The United States became the first nation of the world to announce it is moving its embassy to Jerusalem. Prime Minister Netanyahu is optimistic that more countries will follow America’s lead. But will the United Kingdom be one of them?
Britain moving the UK embassy to Jerusalem seems highly unlikely at the moment, especially following comments yesterday by Prime Minister May who disagrees with the US decision calling it “unhelpful for peace prospects” and an opposition party that is increasingly anti-Israel. But then, who would have thought 12 months ago that the United States would today officially recognise Jerusalem as capital? When, after former presidents have avoided doing so for more than 20 years and when the previous Administration was actively forming policy against Israel, Thursday’s announcement seems even more remarkable.
Netanyahu has indicated that he is in contact with other countries that want to recognise Jerusalem as Israel’s capital and move their embassies there. Most of the international community is condemning Trump’s decision, but Israeli officials have said Czech Republic and the Philippines were eager to move their embassies from Tel Aviv. There is also speculation that Hungary may follow suit. Budapest on Wednesday blocked a joint EU statement that would have opposed Trump’s move.
Meanwhile, diplomatic relations between Israel and African nations are going from strength to strength, with the Prime Minister having toured the continent twice in the past 18 months.
Voices for a UK embassy move are not silent in London. Last year, Michael Gove MP wrote in The Times calling for Britain to move the UK embassy to Jerusalem adding that the Queen could open it on an official visit.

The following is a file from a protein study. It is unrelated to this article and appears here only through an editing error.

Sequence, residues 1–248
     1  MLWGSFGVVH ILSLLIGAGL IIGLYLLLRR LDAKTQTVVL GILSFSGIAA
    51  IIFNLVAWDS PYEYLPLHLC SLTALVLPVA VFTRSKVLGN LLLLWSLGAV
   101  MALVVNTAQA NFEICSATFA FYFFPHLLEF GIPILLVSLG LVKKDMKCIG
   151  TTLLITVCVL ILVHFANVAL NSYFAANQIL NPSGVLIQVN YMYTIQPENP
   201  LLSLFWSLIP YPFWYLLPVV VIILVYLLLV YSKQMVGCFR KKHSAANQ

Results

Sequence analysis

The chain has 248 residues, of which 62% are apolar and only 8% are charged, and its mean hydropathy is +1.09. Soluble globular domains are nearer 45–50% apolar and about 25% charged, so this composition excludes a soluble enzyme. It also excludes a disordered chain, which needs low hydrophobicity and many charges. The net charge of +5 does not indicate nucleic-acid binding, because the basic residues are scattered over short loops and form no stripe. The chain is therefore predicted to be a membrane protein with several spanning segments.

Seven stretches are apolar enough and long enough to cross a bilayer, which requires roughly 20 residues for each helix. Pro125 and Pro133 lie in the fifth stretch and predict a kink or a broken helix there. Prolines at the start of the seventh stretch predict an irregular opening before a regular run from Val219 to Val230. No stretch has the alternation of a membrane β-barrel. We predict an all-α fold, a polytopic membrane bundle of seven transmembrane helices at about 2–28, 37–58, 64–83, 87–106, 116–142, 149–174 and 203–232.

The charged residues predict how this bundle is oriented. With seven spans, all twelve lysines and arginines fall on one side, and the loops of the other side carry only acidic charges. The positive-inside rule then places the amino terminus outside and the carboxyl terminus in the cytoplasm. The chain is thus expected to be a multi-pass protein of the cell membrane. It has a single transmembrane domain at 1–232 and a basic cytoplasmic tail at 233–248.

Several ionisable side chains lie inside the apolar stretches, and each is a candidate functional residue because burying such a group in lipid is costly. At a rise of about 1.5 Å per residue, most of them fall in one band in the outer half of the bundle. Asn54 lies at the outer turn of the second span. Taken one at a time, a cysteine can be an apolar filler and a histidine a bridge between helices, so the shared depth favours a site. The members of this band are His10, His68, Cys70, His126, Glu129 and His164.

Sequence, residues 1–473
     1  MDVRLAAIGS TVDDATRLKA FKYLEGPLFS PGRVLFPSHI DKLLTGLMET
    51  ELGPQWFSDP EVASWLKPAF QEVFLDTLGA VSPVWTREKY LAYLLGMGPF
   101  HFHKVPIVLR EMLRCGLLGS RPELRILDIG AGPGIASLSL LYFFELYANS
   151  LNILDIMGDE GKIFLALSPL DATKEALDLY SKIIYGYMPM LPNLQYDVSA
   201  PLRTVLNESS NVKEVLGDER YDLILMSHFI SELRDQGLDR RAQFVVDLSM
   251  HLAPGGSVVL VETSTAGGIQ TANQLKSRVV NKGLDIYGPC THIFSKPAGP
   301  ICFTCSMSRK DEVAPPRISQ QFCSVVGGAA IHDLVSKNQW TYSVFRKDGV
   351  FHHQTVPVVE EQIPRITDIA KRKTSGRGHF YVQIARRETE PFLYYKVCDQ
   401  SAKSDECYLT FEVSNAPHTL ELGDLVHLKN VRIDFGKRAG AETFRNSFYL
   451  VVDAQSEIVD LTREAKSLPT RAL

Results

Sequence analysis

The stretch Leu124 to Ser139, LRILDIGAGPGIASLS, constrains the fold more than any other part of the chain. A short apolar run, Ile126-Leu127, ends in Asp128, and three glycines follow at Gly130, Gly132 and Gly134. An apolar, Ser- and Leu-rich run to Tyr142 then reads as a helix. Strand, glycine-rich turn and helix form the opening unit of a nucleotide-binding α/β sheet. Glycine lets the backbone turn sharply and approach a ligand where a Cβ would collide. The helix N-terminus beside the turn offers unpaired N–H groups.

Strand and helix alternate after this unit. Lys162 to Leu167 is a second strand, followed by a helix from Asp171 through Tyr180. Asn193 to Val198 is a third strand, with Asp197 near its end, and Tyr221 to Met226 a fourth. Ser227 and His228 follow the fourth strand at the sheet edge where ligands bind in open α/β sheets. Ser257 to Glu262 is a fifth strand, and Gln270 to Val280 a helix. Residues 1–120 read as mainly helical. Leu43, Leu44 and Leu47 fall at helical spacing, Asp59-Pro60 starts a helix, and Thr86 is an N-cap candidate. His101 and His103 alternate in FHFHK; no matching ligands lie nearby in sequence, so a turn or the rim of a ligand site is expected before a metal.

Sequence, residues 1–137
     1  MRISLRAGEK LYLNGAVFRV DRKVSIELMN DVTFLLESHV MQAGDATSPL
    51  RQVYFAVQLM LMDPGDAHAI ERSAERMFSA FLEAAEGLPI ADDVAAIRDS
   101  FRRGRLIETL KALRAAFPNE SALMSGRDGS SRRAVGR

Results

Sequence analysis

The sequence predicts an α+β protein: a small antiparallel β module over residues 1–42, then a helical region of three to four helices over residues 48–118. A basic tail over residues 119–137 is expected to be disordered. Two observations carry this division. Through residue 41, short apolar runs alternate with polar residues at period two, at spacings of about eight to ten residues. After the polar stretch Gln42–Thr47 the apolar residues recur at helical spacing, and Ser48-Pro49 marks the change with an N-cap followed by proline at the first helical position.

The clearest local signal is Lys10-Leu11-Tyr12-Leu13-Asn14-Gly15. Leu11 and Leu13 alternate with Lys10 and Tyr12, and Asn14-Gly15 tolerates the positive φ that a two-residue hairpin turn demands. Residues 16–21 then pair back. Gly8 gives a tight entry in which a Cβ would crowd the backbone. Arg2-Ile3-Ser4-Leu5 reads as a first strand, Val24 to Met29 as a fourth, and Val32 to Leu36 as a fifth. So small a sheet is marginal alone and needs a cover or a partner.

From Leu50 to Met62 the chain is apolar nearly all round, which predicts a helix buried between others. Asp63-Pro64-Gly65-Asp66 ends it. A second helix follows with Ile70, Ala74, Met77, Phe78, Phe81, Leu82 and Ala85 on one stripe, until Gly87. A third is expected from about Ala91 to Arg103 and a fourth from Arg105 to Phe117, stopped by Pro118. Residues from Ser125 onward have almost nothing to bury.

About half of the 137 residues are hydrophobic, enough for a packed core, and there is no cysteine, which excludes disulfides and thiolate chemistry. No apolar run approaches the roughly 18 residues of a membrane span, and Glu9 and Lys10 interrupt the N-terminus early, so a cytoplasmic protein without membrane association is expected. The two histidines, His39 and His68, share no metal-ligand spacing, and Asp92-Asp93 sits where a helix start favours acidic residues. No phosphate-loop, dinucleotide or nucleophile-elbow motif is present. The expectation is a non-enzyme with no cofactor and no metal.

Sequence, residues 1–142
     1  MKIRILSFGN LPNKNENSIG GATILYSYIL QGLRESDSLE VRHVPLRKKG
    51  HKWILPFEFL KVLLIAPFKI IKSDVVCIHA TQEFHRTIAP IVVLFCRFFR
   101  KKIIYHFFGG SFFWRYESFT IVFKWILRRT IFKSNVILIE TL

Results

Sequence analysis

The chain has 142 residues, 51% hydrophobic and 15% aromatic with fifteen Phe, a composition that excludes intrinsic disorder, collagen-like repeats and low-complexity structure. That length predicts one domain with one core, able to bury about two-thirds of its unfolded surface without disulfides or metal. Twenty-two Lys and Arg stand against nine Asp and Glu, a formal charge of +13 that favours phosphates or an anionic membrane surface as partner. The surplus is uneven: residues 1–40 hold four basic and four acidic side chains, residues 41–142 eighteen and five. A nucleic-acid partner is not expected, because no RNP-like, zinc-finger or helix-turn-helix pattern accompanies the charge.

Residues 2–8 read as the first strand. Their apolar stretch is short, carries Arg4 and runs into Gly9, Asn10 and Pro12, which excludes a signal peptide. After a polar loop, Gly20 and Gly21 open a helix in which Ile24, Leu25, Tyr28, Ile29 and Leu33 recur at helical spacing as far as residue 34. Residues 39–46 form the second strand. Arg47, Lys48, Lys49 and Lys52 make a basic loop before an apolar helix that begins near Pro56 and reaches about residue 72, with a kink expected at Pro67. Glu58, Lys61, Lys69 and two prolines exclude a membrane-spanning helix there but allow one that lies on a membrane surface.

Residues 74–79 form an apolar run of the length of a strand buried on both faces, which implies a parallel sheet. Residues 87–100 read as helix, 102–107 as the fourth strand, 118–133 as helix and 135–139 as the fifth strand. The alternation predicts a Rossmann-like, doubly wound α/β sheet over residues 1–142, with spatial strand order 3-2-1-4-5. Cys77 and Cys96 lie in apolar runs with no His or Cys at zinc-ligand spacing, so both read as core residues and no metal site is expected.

Before the Government arrives at a decision to move the UK embassy, a major shift in British foreign policy is required. Firstly, an embassy move is not a barrier to peace. The Palestinian refusal to recognise the Jewish connection to Jerusalem, and more widely to Israel, is the real barrier. In fact, recognising Jerusalem removes the city as a bargaining chip in peace negotiations. Secondly, concern over a violent backlash is addressed by condemning Palestinian incitement and terror, not by appeasing the Palestinians.
Thirdly, and most importantly, recognising Jerusalem is the right thing to do morally and Biblically. Jerusalem has been capital of the Jewish people for over 3,000 years. They are inseparable from it. It is God’s holy city and bears great significance to the Jewish people, past, present and future. To deny Jerusalem is to deny Israel.
The United Kingdom will be blessed by blessing Israel and recognising Jerusalem as its capital. Exactly One hundred years on after the 1917 Balfour Declaration, Britain has a unique opportunity to once again do the right thing and give British recognition to the eternal capital of the Jewish people, Jerusalem. This would be a bold and courageous decision and would, in part, address the decades of duplicity and Arab appeasement by British Foreign Office policy against Israel. The question is does Britain today have the courage to stand with Israel?
Christians United for Israel UK
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